Contributing factors to muscle weakness in children with cerebral palsy
Article first published online: 13 FEB 2007
Developmental Medicine & Child Neurology
Volume 45, Issue 8, pages 542–550, August 2003
How to Cite
Elder, G. C. B., BSc, G. S., PT, K. C., MSc, D. W., Marshall, A. and Leahey, L. (2003), Contributing factors to muscle weakness in children with cerebral palsy. Developmental Medicine & Child Neurology, 45: 542–550. doi: 10.1111/j.1469-8749.2003.tb00954.x
- Issue published online: 13 FEB 2007
- Article first published online: 13 FEB 2007
- Accepted for publication 14th April 2003.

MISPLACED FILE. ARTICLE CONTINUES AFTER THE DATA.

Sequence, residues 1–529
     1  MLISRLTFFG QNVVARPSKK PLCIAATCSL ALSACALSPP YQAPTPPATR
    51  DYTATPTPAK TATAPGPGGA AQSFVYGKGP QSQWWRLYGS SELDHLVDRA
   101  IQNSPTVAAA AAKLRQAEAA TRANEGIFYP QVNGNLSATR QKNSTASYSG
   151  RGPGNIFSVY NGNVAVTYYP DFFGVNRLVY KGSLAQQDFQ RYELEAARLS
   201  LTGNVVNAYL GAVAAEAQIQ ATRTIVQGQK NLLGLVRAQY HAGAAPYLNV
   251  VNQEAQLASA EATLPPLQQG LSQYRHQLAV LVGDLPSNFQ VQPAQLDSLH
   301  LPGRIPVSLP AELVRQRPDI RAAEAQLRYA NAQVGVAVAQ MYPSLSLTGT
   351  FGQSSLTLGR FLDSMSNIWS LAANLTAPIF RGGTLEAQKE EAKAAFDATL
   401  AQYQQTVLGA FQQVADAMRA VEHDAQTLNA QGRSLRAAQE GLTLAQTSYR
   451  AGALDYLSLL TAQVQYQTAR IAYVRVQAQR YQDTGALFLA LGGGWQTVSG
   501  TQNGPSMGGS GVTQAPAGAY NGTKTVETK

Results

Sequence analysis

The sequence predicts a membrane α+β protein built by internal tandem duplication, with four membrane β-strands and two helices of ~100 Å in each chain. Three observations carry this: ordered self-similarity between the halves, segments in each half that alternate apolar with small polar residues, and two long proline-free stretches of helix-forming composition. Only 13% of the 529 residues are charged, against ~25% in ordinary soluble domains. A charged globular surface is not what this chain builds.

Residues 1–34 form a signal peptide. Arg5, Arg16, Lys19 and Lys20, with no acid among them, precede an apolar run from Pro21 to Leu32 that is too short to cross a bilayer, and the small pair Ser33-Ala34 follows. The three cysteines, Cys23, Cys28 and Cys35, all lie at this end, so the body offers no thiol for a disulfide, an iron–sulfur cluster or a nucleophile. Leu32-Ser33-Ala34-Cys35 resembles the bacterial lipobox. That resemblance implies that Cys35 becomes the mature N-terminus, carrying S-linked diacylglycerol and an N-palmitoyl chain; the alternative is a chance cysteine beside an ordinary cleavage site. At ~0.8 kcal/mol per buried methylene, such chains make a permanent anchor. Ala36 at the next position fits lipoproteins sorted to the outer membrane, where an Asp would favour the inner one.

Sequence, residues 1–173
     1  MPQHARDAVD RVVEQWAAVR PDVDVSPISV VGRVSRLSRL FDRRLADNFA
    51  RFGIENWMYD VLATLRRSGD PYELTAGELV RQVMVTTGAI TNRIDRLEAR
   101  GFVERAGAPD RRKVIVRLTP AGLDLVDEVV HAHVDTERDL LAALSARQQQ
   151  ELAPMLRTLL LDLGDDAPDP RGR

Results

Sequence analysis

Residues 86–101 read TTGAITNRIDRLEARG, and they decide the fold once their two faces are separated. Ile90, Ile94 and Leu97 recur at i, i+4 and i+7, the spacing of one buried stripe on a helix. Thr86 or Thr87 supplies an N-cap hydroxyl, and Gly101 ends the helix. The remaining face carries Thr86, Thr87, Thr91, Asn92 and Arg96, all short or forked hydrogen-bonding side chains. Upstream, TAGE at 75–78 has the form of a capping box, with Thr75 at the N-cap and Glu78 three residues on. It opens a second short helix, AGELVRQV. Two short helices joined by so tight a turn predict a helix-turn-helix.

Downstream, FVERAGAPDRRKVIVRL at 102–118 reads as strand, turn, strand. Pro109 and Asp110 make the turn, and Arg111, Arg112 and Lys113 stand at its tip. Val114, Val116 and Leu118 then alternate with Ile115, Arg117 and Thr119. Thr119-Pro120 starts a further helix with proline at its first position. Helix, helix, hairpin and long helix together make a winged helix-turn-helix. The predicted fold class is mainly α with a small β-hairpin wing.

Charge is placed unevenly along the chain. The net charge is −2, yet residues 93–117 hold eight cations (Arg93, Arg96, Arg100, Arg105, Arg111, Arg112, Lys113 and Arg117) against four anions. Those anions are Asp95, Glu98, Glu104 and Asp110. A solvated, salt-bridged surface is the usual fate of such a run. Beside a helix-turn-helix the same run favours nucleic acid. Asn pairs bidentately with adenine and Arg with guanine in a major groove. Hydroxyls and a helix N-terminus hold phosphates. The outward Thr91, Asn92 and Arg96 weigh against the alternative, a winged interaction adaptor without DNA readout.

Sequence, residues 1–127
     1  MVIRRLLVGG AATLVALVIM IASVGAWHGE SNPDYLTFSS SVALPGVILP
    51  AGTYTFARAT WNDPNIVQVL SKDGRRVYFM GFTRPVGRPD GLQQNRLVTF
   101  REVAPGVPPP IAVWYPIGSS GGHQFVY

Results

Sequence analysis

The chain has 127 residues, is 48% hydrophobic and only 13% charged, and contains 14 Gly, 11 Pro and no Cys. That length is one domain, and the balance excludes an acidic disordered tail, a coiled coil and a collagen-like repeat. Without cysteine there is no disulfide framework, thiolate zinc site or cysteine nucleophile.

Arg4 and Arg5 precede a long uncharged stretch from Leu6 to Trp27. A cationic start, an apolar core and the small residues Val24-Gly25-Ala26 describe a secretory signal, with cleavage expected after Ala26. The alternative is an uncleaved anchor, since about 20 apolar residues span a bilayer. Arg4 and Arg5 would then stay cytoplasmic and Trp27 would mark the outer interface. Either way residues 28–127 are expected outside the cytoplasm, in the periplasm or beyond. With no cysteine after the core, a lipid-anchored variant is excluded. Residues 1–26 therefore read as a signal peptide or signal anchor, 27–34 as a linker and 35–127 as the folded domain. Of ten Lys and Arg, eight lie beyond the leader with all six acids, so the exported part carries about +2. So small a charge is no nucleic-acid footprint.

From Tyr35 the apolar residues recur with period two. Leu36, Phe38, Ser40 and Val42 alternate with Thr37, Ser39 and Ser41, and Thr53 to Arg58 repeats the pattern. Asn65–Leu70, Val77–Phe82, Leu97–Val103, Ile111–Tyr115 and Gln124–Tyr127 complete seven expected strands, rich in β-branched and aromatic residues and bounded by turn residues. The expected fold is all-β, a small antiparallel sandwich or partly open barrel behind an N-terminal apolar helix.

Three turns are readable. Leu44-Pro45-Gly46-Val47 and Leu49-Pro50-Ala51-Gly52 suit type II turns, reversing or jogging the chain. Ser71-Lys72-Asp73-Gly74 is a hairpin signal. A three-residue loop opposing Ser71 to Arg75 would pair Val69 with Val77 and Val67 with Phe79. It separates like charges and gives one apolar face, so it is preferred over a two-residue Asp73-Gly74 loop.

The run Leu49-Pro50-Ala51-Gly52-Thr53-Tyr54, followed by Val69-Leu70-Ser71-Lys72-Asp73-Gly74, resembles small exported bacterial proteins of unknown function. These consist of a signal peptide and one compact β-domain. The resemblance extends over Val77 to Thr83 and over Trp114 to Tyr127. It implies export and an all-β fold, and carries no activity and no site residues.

The aim of this study was to determine the extent of ankle muscle weakness in children with cerebral palsy (CP) and to identify potential causes. Maximal voluntary contractions of plantar (PF) and dorsiflexors (DF) were determined at optimal angles in knee flexion and extension in both legs of 14 children with hemiplegia (7 males, 7 females) and 14 with diplegia (8 males, 6 females). Their results were compared to 14 age- and weight-matched control participants (5 males, 9 females). Muscle cross-sectional areas of soleus, posterior, and anterior compartment muscles were determined from MRIs in 14 children with CP (eight diplegia, six hemiplegia) and 18 control children. Specific tension (torque/unit area) of PF and DF was determined from torque and cross-sectional area results. Muscle volumes of PF and DF were also determined in both legs of five control children and five with hemiplegia. Muscle EMG was recorded from soleus, medial gastrocnemius, and tibialis anterior during each maximal voluntary contraction. Mean amplitude was significantly reduced in PF and DF in both CP groups and significantly higher levels of coactivation of antagonists were found compared to control participants. Strength of PF and DF was significantly reduced in both CP groups, but more importantly the muscles were found to be weak based on significantly reduced specific tensions. The PF were most affected, particularly in the group with hemiplegia. It is believed that an inability to maximally activate their muscles contributed to this weakness. A combination of incomplete activation and high levels of PF coactivation are thought to have contributed to DF weakness.